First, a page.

Both Lopez and Kocela saw NAU as their obvious choice—location, affordable tuition, its national rankings. But more than logistics attracted each woman. For Lopez, doing clinical rotations locally gives her the opportunity to network with the people she hopes will soon be her peers. Also, she said, NAU chose her when she was selected as a health path scholar in 2018.
“This is a unique program that creates a path for a select few,” she said. “I was challenged with physician assistant education courses and I received mentoring that helped me build confidence and taught me how to be successful in PA school. It truly was a valuable opportunity.”
For Kocela, who came to Arizona by way of New Jersey, NAU had been her dream program since she’d decided she wanted to be a PA. Program alumni helped convince her, and the application process cemented her choice.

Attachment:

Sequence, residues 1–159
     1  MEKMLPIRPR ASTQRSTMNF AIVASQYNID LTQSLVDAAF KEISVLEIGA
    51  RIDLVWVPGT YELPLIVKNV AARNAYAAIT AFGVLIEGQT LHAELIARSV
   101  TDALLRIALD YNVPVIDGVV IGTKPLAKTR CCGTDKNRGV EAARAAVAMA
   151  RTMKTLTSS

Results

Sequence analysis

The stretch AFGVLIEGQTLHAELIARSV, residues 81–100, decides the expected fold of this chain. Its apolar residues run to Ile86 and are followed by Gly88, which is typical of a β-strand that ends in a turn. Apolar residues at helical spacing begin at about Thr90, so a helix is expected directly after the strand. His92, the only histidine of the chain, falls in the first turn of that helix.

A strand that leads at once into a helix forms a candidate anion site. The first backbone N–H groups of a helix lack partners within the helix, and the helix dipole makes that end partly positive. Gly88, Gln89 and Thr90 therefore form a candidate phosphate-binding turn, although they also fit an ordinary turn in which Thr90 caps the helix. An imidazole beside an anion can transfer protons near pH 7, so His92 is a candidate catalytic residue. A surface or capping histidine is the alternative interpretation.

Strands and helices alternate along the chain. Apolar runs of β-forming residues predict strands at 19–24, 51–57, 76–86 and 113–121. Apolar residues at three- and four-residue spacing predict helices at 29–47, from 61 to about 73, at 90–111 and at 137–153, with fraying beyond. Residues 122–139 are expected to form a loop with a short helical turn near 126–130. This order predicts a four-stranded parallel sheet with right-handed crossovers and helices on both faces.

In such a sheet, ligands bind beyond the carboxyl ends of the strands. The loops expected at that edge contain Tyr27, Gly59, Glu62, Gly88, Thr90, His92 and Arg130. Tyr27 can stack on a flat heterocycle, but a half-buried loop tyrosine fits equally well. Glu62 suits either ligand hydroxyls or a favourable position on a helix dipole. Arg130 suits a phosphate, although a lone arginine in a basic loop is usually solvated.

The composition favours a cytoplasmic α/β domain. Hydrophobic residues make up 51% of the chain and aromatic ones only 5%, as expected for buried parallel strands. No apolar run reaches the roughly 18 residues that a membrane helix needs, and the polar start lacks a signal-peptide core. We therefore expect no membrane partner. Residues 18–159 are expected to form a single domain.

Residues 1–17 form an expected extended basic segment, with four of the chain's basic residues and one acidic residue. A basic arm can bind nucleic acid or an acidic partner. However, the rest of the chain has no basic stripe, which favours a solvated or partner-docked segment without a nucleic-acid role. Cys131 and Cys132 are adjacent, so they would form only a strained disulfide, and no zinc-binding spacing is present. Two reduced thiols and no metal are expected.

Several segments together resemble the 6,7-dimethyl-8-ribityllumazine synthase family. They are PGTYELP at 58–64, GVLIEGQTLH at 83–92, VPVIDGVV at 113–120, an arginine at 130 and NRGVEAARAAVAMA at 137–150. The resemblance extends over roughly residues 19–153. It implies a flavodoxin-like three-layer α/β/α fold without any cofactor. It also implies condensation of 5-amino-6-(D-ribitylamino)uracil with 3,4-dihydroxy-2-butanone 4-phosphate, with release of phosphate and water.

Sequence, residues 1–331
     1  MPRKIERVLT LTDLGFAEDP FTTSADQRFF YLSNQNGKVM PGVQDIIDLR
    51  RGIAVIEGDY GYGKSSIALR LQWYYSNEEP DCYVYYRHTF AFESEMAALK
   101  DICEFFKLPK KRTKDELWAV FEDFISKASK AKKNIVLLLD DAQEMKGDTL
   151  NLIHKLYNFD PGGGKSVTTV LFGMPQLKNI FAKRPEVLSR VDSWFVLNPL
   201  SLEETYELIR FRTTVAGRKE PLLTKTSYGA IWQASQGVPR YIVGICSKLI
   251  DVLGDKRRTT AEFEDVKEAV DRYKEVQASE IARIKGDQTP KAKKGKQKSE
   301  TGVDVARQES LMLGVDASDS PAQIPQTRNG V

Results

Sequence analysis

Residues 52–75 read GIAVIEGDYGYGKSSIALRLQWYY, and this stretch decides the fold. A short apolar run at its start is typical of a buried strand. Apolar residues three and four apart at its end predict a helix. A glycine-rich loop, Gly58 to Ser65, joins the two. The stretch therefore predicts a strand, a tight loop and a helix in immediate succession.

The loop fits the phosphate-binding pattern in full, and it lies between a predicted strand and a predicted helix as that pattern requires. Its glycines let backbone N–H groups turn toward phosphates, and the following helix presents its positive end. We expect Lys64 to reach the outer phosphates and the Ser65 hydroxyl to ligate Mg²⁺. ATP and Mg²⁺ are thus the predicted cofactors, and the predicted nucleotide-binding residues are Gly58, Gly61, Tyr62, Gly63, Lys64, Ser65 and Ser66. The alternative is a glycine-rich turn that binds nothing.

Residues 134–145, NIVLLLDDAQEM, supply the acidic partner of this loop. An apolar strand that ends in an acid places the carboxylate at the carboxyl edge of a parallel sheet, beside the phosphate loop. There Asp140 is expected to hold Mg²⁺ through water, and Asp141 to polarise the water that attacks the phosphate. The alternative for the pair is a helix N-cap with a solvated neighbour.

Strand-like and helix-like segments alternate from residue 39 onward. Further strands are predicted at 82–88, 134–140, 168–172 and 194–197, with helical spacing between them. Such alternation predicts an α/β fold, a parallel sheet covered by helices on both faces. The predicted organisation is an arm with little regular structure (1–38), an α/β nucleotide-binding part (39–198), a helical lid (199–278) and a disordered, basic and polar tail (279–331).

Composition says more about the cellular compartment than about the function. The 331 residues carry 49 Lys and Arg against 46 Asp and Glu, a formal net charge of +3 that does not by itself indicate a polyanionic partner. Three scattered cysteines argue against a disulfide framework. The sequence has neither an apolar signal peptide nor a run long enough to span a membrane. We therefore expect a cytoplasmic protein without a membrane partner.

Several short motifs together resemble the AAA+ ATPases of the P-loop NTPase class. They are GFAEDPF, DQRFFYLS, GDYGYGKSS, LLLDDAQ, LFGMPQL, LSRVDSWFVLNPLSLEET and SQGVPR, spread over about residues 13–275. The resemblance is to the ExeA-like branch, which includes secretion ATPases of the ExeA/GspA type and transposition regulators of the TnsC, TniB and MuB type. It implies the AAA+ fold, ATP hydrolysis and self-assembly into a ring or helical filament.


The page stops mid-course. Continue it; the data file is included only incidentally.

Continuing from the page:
“When I interviewed, I felt most comfortable talking to faculty at NAU than anywhere else I interviewed,” she said.
For the community, the flip side of that question is simple: NAU PA students are assets to the places where they work. Dr. Linda Som is one of the preceptors who works with NAU students and hires NAU graduates. She runs the Arizona Medical Clinic, a family practice with patients from newborns to centenarians. This means that, in their three clinics plus a mobile clinic, they’re managing chronic conditions, doing preventive screenings, treating acute illnesses and doing minor surgery. Several of the providers right now are NAU PA students.
“NAU students are smart, eager to learn and kind-hearted,” she said. “I believe NAU PA students are ready to be great providers once they finish their rotation.”
Learn more from PA student Chianti Zerner, who did an Instagram Live with NAU Social.
Heidi Toth | NAU Communications
(928) 523-8737 | firstname.lastname@example.org